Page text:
Short summary: It’s a really important paper. I think it’s too important to be true.
Gabaix’ irrationality fixes the pathologies of the standard model by making a stable model unstable, and hence locally determinate. Gabaix’ irrationality parameter M in [0,1] can thus substitute for the usual Taylor principle that interest rates move more than one for one with inflation.
Gabaix imagines — after three papers worth of careful math — that people pay less attention to future income when deciding on consumption than they should. Making today’s consumption less sensitive to future income, means expectations of future income are larger for any amount of today’s consumption. Thus, it makes model dynamics unstable.
But just a little irrationality won’t do. If you move a stable eigenvalue, say 0.8, by a bit, say 0.85, it’s still stable. You have to move it all the way past 1 before it does any good at all.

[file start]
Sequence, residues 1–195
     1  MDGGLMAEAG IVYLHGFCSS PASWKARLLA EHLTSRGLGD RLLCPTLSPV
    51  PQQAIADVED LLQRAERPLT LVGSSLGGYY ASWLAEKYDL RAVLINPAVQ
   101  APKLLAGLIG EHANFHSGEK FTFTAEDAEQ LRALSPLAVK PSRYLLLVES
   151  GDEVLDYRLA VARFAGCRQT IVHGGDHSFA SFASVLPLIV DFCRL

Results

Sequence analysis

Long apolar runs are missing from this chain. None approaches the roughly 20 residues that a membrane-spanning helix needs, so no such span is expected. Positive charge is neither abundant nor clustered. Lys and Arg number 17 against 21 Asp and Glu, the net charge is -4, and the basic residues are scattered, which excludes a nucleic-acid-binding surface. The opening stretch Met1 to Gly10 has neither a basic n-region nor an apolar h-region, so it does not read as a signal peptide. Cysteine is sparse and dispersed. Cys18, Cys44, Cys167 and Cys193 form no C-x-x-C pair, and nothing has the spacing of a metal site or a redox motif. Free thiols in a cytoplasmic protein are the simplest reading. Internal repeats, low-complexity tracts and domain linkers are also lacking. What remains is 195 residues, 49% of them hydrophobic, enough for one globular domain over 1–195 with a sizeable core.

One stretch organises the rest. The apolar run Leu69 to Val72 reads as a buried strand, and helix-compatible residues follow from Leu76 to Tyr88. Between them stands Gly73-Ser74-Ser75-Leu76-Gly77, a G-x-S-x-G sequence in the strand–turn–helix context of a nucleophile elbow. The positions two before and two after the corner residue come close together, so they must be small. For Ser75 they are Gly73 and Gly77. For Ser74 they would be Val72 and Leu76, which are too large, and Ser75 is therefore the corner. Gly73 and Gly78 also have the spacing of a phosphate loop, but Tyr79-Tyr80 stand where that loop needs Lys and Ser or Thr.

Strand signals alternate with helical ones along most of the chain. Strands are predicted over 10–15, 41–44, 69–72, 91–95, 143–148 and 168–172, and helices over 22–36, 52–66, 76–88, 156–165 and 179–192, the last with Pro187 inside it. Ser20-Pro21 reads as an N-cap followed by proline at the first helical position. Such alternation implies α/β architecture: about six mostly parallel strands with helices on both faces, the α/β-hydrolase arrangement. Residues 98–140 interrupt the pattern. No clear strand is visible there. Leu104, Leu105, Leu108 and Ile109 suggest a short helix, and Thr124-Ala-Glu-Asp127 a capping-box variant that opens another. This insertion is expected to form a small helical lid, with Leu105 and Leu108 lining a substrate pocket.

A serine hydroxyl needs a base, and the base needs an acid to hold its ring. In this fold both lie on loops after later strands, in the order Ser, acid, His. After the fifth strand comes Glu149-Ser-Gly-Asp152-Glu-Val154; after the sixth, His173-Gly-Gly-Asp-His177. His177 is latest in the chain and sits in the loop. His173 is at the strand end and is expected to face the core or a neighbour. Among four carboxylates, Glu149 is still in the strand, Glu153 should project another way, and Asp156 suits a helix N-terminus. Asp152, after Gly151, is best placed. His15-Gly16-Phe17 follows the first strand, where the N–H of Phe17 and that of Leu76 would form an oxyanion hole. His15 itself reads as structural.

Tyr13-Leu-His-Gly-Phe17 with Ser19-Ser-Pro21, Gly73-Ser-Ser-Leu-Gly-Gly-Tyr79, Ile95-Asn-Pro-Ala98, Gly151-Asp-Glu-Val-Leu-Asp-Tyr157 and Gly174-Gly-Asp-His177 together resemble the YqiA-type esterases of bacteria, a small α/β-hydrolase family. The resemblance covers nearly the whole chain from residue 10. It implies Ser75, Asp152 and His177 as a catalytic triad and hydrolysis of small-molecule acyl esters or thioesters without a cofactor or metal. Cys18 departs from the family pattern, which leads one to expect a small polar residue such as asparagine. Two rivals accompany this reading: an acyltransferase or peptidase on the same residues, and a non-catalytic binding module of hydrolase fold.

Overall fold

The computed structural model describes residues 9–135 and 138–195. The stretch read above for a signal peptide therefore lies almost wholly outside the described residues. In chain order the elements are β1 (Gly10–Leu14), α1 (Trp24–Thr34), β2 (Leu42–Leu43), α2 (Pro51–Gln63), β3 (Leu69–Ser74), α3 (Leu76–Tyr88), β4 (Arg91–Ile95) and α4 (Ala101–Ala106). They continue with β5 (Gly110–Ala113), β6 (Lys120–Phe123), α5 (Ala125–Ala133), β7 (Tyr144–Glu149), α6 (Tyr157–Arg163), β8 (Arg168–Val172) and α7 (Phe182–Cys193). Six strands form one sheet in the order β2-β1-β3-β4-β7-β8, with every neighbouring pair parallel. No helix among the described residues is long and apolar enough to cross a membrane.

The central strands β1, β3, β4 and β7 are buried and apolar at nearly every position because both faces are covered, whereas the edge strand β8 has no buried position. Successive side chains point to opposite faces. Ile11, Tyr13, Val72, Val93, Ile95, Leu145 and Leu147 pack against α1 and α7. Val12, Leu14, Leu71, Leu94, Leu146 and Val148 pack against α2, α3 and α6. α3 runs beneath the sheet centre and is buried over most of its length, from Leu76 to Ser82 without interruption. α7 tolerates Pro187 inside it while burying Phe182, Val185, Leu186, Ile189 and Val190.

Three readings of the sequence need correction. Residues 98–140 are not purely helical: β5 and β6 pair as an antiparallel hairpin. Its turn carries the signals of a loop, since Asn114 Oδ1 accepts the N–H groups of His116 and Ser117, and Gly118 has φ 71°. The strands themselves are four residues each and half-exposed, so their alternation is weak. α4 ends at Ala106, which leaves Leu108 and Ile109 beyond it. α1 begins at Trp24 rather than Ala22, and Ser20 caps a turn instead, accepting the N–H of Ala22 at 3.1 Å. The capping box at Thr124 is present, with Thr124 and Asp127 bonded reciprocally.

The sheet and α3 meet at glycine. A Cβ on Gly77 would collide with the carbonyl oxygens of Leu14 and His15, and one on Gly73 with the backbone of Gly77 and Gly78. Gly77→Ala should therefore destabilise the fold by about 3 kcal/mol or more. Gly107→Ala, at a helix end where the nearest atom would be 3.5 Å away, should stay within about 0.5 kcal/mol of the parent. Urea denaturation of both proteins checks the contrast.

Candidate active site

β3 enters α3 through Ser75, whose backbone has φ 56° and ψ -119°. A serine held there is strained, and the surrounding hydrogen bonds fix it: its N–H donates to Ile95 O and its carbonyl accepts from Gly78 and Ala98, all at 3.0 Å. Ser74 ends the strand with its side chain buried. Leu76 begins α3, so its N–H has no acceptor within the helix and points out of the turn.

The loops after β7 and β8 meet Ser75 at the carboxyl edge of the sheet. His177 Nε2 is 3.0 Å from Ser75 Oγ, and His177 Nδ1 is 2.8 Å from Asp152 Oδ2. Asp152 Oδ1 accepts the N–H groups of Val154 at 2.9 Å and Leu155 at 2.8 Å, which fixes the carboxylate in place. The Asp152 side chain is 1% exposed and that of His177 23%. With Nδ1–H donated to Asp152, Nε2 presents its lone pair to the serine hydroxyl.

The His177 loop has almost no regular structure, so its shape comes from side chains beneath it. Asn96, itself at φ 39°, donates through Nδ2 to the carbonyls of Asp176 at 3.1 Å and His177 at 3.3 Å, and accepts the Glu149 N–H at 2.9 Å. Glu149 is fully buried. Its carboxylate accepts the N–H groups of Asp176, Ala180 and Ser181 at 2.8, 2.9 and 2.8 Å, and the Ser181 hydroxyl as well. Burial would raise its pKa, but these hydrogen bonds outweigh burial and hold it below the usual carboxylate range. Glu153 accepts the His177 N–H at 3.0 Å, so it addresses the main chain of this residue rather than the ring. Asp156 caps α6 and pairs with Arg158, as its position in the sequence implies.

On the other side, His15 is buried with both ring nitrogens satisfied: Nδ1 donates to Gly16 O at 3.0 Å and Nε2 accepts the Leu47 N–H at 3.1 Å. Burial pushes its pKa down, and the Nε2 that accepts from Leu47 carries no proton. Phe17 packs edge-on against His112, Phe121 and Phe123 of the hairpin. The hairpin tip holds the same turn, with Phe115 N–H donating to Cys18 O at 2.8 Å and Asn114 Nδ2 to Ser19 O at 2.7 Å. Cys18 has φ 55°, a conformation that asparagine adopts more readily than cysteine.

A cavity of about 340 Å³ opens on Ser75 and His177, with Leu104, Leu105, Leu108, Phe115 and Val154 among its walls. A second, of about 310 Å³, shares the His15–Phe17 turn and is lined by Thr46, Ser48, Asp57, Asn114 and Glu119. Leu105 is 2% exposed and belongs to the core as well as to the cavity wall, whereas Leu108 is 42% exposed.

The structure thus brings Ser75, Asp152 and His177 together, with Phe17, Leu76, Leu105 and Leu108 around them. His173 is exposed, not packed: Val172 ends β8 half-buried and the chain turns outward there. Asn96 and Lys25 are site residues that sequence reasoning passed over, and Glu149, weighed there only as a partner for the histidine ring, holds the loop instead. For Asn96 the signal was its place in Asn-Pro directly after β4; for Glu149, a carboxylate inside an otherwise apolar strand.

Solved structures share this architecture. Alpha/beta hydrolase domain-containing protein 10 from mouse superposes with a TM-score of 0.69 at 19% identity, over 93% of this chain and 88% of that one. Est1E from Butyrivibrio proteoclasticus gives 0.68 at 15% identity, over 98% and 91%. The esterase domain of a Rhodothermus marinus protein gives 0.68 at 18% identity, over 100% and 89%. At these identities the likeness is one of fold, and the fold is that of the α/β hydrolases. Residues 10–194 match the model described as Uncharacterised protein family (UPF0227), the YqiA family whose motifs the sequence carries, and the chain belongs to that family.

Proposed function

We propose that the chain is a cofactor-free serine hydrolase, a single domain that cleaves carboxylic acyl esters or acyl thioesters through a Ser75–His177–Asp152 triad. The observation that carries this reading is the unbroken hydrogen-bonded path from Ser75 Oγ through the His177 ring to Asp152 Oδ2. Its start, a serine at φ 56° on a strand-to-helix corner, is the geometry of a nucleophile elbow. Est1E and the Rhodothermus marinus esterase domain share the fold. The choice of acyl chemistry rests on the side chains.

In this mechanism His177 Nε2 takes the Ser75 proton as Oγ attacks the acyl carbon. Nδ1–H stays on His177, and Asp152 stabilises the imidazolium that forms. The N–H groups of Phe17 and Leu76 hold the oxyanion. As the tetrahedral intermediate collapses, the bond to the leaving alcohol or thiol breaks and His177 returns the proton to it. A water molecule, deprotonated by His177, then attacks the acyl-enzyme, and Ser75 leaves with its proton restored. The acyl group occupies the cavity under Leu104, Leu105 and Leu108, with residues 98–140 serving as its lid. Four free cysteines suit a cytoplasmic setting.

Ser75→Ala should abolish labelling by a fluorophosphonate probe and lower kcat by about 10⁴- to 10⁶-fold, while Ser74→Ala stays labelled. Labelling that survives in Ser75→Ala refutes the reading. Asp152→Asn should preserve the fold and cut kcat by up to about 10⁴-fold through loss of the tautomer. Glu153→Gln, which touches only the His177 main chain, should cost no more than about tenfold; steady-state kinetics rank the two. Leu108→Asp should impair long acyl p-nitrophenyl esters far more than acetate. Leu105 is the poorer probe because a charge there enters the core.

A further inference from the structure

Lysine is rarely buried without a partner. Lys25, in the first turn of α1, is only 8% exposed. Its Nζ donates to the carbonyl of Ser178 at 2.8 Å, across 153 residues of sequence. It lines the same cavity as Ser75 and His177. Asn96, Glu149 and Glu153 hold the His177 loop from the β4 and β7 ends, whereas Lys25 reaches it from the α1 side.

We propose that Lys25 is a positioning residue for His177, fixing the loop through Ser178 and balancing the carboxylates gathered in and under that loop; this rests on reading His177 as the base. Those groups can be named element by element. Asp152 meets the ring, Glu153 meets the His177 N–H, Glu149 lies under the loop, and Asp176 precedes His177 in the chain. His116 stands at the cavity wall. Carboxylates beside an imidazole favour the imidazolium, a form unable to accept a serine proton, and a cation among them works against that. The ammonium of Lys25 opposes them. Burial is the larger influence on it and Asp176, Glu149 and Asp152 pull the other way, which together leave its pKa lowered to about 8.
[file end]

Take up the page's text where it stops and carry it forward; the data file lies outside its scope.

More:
Thus, Gabaix puts irrationality right in the middle of monetary policy. If Gabaix is right, you simply cannot explain monetary policy in simple terms with money supply and money demand, or interest rate rises lower investment and inflation via a Phillips curve, as simple approximations that more complex models, perhaps involving some irrationality, improve on. Monetary policy is centrally about the Fed exploiting irrationality, full stop, and cannot be explained or understood at all without that feature.
More in the comments. There are too many equations and figures to mirror it here, so you have to get the pdf if you’re interested. This is for academics anyway.